HLA molecules scan the intracellular proteome and present self- or non-self-peptides to immune effector cells. HLA-Ia (HLA-A, HLA-B and HLA-C) are the most polymorphic genes, resulting in various numbers of allelic variants expressed on the surface of almost all nucleated cells. In contrast to HLA-Ia molecules that activate the immune system during pathogenic invasion, the marginal polymorphic HLA-Ib molecules (HLA-E, HLA-F and HLA-G) are upregulated during pathogenic episodes and mediate immune tolerance. A fine tuning between downregulation of HLA-Ia and upregulation of HLA-Ib can be observed through immunological episodes that require to remain unrecognized by immune effector cells. While HLA-Ia molecules collaborate by presenting a wide range of peptides, every HLA-Ib molecule is highly specialized in its protective immune function and seems to be restricted in the presentation of peptides. Additionally, Ia molecules are expressed ubiquitously while the expression of HLA-Ib molecules is strictly restricted to certain tissues and occurs instantly on demand of the cells/tissue that attempt to be hidden from the immune system. The more knowledge becomes available for the function of HLA-Ib molecules; the question emerges if the molecular typing of HLA-Ib molecules would be reasonable to take a decision post treatment for personalized cellular therapies.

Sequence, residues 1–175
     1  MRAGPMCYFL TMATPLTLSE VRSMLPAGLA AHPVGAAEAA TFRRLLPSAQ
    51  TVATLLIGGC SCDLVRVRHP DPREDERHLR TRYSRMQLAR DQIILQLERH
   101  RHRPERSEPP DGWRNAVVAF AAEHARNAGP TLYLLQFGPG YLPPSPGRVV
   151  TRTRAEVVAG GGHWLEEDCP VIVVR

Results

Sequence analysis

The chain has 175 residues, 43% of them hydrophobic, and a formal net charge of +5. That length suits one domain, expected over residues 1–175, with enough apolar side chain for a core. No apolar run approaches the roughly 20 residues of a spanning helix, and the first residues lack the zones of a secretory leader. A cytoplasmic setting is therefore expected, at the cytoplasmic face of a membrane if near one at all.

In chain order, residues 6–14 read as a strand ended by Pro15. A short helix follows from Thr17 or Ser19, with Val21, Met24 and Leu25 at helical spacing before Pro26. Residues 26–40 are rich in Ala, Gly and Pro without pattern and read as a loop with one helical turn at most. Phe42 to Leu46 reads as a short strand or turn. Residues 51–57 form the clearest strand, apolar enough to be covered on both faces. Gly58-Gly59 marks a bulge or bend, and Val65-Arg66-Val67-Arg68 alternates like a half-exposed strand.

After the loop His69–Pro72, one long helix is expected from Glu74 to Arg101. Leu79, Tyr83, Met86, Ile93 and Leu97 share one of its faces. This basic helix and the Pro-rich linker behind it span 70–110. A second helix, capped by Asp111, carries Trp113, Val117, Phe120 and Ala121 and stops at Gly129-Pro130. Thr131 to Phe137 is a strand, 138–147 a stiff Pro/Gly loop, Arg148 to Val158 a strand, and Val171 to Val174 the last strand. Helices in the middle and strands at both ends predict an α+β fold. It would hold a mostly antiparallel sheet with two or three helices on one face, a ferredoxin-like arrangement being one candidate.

Part of the book: Immunogenetics